As a student of journalism, “don’t bury the lede” was one of the first lessons learned—the most compelling and important part of a story should be communicated clearly, early. In branding and marketing, the mantra also applies. One could also further extrapolate this thought to leads (you certainly wouldn’t want to bury those, either!), for whom the timely delivery of a clear and meaningful message is key.
While lead lists are often viewed first as a fount of opportunity, follow-up can be a daunting task for multitasking sales and marketing teams. Overwhelmed by the number of prospects, lacking the tools and resources to support follow-up, or just not having the time to reach out, leads grow cold—buried under hundreds of other emails and tasks.
So, what do you do with a list of leads? Here’s a start:
1. Know What You Want
What is your goal? More specifically, what action do you want the person with whom you’re communicating to take? Define your objective, be specific—the clearer your goal, the more strategic your plan can be. If your goal is sales-oriented, consider who your potential customer is and build a goal that’s measurable and achievable. For someone in B2B food ingredient sales, expecting to sell a truckload of an ingredient based on a single email communication isn’t realistic, but starting a dialogue with product developers at five mid-size foodservice companies is both meaningful and achievable.
2. Know Your Ideal Lead—and What They Need
Most can relate to receiving a cold call from someone who doesn’t know a thing about the person/business they’re calling, or the relevance of the product/service they’re selling. Don’t be the person who cold calls with an uninformed pitch. Better yet, don’t cold call with a sales pitch at all—start with a conversation. But, before you do that, curate your lead list with your objective and target audience in mind. Segment potential customers from current ones, consider breaking out your list further—perhaps by region, need, role, etc.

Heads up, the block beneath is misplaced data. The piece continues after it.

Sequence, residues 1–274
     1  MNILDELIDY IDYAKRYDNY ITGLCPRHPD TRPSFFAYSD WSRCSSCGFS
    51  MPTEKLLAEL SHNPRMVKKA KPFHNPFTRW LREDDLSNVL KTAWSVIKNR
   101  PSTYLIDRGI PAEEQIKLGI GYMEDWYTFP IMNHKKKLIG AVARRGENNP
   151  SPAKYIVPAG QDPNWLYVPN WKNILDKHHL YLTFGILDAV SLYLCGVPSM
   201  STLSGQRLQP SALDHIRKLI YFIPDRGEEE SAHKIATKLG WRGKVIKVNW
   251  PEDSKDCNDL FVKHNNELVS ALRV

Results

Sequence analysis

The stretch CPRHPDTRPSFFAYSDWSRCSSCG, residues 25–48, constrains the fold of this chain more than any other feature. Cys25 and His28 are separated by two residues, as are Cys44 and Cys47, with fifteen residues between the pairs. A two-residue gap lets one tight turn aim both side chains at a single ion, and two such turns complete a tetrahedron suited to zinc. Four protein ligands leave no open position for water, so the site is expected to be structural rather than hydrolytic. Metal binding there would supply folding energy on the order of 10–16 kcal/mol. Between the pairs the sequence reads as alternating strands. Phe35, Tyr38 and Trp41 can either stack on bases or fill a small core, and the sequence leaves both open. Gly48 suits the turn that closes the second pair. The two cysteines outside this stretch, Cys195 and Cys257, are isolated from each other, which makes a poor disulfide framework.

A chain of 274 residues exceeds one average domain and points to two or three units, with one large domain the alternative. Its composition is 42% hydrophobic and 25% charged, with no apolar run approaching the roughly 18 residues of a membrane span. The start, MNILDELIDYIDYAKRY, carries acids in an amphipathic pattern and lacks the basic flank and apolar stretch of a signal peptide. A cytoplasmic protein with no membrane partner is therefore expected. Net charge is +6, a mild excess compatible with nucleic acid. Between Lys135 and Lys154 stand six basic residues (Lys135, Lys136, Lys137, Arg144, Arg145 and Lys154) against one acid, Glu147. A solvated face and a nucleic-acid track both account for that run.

Let’s go back to our hypothetical food ingredient salesperson, who’s made contacts at a trade show. On the most basic level, a sales-oriented message should not be sent to her suppliers, competitors, or others who wouldn’t have a need for the product or service. That’s not to say that these contacts aren’t meaningful; they just might not be right for this particular outreach.
More specifically, if this food ingredient salesperson’s objective is to start a dialogue with formulators at foodservice companies of a certain size, it’s important to build an outreach list accordingly. A Customer Relationship Management (CRM) tool can be useful in efficiently organizing your target audience and manage follow up—and making sure they stayed unburied.
3. Capture Information and Put it to Use
Collecting information—from contacts to clicks—is useful in gauging the effectiveness of your efforts. Perhaps your company already has a CRM system that allows you to track leads and manage follow up. Use it. If you don’t know how, we can help with that, too (we’re a Salesforce Consulting Partner).
As with lead gathering, data is only useful if put to use; a marketing automation tool (like Pardot) can contribute to tracking engagement and spur follow-up. From triggering drip campaigns to pinging sales people to following up personally with an active lead, gathering information and using it to inform a course of action makes for more meaningful engagement.
4. Build a Rapport, Nurture Leads
While CRM systems can be useful tools, they’re just that—tools. As a hammer alone doesn’t build a house, action is required to develop a relationship with a potential customer. While there’s some level of automation that can be incorporated to keep leads in the warming drawer, personal ownership and involvement requires, well, a person. And once that personal connection is made, having pitch materials personalized to your contact’s needs and opportunities will come into play (something we’ll cover in an upcoming post).
Finding the time and developing the tools to start a meaningful dialogue requires an upfront investment, and the return can be well worth it. Through strategic content marketing tactics and placements, we’ve garnered thousands of high-quality leads for our B2B food ingredient customers. With custom content and a tailored strategy, we’ve connected B2B ingredient companies with global CPG brands, regional and national foodservice chains, small- and mid-sized brands, and rising innovators.
If uncovering and connecting with leads is a component of your 2018 business goals, let’s talk. When it comes to helping businesses generate, nurture, and, ultimately, convert leads, we’re happy to lead the way.